Pleating Hell and other tales
I was so inspired by my ikat fabric on Monday night that I pretreated and started experimenting with pleats as soon as I got home from work. The squares of color are about 2 inches wide and the white space inbetween them is about 1 inch wide. I played with the width of the pleats from wide to skinny, to covering an entire square, partially or not at all. The wider the pleat, the less pleats I could have, which, when draped on me, looked skimpy. The skinnier the pleat, the more I could have, but that still yielded a skimpy effect. The more I played with the pleats, the more I became frustrated. Because the squares are so even and distributed so evenly, the perfectionist in me couldn’t do anything asymmetrical or uneven. Then I started thinking about whether having a ton of pleats falling from my hips would be unflattering. And since I was “drafting” this skirt myself without a skirt pattern, I didn’t know if I should add side seams in addition to the CB seam for shaping or not and how would that interrupt the pleat pattern. Would I have enough fabric if I did that? At 11pm, I finally called it quits to think about another day.
That other day is tonight. I think I am going to paw through my skirt patterns to see if I have any pleated skirts in there. I like designing in my head, but drafting might not be something in which I am particularly interested. I bet you’re wondering what the difference is. My thinking is that design is the vision of how something will look and feel with no actual idea of how to bring the design to life in fabric. Drafting is taking the idea/design from mind to fabric. –Making it three-dimensional. The endless decisions that need to be made and/or the math that may or may not be involved become mind-numbing to me and most certainly endanger my mojo.
I’ve noticed lately that there are two different kinds of sewers out there on the interwebs (ok there are tons of different kinds, but for the purposes of this post, let’s assume just two), pattern sewers and drafters.
- Pattern sewers are people who like having the design and drafting of a garment already calculated for them so that they can concentrate on fabric choice or little design detail choices and of course the sewing itself. They are capable of or working towards the capability of fitting the patterns to their body.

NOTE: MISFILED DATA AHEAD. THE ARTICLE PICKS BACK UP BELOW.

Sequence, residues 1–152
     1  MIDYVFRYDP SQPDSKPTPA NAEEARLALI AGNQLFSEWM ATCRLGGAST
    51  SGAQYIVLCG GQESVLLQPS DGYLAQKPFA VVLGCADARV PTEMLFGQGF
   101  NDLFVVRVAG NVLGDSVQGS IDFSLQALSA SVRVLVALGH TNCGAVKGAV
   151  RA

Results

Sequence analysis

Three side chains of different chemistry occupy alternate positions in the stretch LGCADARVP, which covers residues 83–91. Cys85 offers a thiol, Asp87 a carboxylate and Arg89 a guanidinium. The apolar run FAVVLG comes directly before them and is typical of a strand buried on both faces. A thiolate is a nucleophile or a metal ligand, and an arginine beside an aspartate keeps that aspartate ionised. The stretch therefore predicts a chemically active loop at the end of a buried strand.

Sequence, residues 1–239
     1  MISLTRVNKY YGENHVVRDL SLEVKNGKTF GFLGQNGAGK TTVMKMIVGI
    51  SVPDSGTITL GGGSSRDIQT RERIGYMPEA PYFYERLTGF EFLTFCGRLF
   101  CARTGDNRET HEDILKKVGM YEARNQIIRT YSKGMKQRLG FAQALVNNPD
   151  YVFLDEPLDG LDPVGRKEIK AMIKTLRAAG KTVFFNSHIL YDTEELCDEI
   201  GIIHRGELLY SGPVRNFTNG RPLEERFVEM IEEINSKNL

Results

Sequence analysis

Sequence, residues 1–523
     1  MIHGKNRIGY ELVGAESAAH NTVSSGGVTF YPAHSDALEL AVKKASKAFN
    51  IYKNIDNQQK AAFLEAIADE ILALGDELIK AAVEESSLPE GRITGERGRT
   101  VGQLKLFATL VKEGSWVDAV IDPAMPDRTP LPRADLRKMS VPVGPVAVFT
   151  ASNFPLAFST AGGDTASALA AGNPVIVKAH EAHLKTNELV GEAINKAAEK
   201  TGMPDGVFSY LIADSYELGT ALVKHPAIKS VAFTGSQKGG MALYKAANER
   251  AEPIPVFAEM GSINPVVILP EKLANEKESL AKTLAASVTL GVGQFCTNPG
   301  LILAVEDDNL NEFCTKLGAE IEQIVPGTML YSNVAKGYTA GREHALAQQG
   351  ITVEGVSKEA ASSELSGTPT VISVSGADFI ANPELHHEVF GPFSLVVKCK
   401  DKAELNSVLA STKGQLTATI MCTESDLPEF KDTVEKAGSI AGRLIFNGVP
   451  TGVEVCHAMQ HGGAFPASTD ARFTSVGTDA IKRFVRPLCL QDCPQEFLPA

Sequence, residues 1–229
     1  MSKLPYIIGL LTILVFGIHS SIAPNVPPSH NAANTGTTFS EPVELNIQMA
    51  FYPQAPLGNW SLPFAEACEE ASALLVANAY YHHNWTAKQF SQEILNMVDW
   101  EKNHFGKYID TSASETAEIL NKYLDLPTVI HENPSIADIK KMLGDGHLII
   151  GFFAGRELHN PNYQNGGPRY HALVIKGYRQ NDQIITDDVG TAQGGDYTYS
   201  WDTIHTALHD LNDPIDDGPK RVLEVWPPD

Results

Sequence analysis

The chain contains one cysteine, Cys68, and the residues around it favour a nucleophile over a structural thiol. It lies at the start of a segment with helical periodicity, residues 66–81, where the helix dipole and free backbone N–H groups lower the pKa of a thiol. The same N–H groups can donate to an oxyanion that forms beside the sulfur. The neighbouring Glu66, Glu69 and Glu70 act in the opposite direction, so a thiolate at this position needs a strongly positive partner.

- Drafters are people who love coming up with the pattern themselves, using a sloper, their own measurements and the inkling of a design in their heads. They relish the work involved in cutting up their sloper or figuring out how to make up an entirely new pattern from scratch.
I have discovered with my colorblock B5147 dresses (here and here) and this currently imaginary pleated skirt that looks so great in my head, that I am a pattern sewer at heart. But I do also acknowledge that I aspire to one day be a drafter as well.
Which are you? Pattern sewer or Drafter?
In non-sewing news:
- Last night I saw an amazing production of Tennessee Williams’ “A Streetcar Named Desire“. The actress who played Blanche was phenomenal, her performance uncanny. I felt like she was a real life Blanche. If you have a chance to see this production, do!
- Over the weekend I picked up these notecards* at the Art Institute in Chicago. Aren’t they just perfect for a dress obsessed person like me?
Happy sewing everyone!
* Edited to add: Kate at Kate Perri Designs rightly pointed out that I did not give credit to the designer of the notecard image above. Thanks Kate. That was very remiss of me. I did a little sleuthing and the designer is the author/artist Janeen Koconis of Koco New York. Check out her other artwork and books. Very cool artist. I love her multi-medium works. I usually do credit photos taken from the interwebs, but didn’t think to do so since I took the photo of the card myself. Anyway thanks for the important reminder to always credit artists!